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Blackhawk Network conducted its first-ever consumer study this year titled, “How America Gives Gifts in 2016.” The survey examined the factors that shoppers consider in gift giving, plans, and preferences for holiday shopping, and the impact that the payment experience has in gift purchasing.
One of the key takeaways from the study revolved around consumers’ affinity for branded value and their intentions to give gift cards this holiday season.
Here are some key revelations from the study:
82 percent of shoppers surveyed look for some type of promotion when purchasing gifts
Roughly six in 10 did some bargain shopping—like comparison shopping—last year
55 percent of consumers surveyed indicate that picking gifts that are a good fit for their recipients is a top priority
42 percent of consumers also say brand is an important factor when giving gifts
Gift giving preferences are also influenced by generation, gender, and household income.
Loyalty360 caught up with Blackhawk Network CMO Teri Llach to learn more about the study.
Does the following stat surprise you at all? “Most (81 percent) also estimating that up to half of their gifts this year could be gift cards. These results align with the importance of brands to consumers, as gift cards are an extension of branded value.”
Llach: This didn’t surprise us. Our entire business is built on the power of branded value. Every day we witness how branded value– like gift cards, digital payments, and loyalty points – can connect consumers with their favorite brands around the world. Through rewarding experiences with branded value, companies are building engagement, loyalty, and sales.
From the gift-giving perspective, it makes sense that shoppers would want to give branded value (in the form of gift cards) to their friends and family. It allows them to pick their favorite brand while giving their recipients the flexibility to choose the specific items that they’d like to purchase.
Apart from our research, the National Retail Federation reports that gift cards are the most requested gifts for the past decade.
Are you surprised that price isn’t the main driving force for gift selection, according to your study?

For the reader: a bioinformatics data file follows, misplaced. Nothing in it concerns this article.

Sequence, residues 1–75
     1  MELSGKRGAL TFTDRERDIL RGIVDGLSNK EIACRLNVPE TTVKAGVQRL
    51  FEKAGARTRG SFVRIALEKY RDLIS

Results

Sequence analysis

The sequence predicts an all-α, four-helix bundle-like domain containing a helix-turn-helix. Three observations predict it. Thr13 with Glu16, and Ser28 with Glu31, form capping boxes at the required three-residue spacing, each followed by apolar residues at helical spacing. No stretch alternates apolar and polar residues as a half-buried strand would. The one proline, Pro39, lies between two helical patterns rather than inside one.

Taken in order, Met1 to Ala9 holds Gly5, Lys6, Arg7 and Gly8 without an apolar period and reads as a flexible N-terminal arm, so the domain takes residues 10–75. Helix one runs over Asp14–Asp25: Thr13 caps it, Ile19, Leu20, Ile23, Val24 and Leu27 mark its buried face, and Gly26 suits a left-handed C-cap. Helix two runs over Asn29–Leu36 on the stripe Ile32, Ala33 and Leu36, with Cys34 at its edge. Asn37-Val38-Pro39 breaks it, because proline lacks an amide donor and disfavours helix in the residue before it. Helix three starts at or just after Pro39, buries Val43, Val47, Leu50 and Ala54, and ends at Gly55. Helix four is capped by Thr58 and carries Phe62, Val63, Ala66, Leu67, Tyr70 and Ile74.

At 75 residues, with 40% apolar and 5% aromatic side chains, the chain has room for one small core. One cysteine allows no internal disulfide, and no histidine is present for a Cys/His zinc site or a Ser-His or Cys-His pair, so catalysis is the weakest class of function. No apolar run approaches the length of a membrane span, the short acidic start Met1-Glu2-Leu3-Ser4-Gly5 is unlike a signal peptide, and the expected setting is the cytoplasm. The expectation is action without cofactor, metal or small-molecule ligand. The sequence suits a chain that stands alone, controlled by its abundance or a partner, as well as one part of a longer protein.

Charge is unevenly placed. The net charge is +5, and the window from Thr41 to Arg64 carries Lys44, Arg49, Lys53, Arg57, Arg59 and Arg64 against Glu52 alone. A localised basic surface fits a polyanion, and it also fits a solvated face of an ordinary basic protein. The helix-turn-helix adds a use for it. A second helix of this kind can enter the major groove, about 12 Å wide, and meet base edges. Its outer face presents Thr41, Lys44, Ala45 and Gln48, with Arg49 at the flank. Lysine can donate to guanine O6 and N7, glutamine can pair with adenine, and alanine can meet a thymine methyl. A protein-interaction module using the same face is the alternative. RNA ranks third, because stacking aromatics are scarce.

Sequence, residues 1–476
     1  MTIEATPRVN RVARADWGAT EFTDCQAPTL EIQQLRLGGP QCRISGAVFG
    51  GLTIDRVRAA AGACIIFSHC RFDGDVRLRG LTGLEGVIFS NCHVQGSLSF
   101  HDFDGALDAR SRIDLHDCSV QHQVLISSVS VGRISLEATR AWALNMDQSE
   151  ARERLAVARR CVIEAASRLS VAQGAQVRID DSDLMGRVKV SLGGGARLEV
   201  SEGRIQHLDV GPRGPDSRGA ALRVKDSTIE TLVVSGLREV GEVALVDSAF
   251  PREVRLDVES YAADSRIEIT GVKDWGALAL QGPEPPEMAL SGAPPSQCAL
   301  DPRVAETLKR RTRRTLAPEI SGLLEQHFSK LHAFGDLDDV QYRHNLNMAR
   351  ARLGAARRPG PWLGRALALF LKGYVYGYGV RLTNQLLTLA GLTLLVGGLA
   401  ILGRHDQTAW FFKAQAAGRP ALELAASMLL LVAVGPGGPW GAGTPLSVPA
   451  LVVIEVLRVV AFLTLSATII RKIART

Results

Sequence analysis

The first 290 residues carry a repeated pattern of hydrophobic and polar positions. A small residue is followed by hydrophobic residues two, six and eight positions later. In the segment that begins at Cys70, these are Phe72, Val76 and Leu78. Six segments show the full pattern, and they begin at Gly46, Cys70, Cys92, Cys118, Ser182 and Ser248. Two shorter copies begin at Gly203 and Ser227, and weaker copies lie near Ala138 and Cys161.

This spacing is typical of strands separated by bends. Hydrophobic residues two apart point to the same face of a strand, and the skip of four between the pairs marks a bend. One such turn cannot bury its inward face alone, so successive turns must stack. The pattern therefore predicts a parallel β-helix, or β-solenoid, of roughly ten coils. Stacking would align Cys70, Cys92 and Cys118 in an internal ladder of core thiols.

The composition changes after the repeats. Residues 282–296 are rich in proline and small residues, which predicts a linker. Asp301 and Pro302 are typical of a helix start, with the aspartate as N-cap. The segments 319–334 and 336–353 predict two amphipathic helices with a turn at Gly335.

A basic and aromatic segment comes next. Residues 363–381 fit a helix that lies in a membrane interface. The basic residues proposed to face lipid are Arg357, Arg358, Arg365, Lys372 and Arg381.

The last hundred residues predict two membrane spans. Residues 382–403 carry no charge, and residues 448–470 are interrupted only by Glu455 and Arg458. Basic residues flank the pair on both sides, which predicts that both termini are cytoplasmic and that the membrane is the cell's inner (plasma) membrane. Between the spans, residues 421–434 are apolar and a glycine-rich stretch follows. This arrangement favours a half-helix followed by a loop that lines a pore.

Llach: We were somewhat surprised, because shoppers are so motivated by price today. However, it makes sense that gift givers would want to put the delight of their recipients above their own budgets. That’s what gift giving is all about. However, even though most shoppers said that picking gifts that are a good fit for their recipients is their top priority (over price), they are still price conscious. Eighty-two percent of shoppers look for some type of promotion when purchasing gifts.
Are you surprised more people favor in-store shopping in a day and age when so many don’t have the time to shop in stores, along with the fact that online shopping is so much easier and convenient?
Llach: It seems that online shopping will continue to be a complement to in-store shopping for some time. Although online shopping offers convenience, I think many shoppers still prefer the in-person experience of seeing, touching and selecting gifts. And online and in-store shopping are both happening at high rates – 91 percent of shoppers said they would shop for gifts in-store this year and 75 percent said they would shop online.
What is your biggest takeaway from the study that marketers should heed for the future?
Llach: When giving gifts, it’s not all about price. Today’s shoppers want gifts that are the perfect fit for their recipients. So when it comes to marketing over the holiday season, focus on how your products will delight recipients, not just on your bargain holiday prices.
I would also suggest that marketers consider how offering branded value products like gift cards can extend brand engagement. Not only is it reinforcing loyalty with the purchaser, but it creates a new branding and spending opportunity with the recipient.
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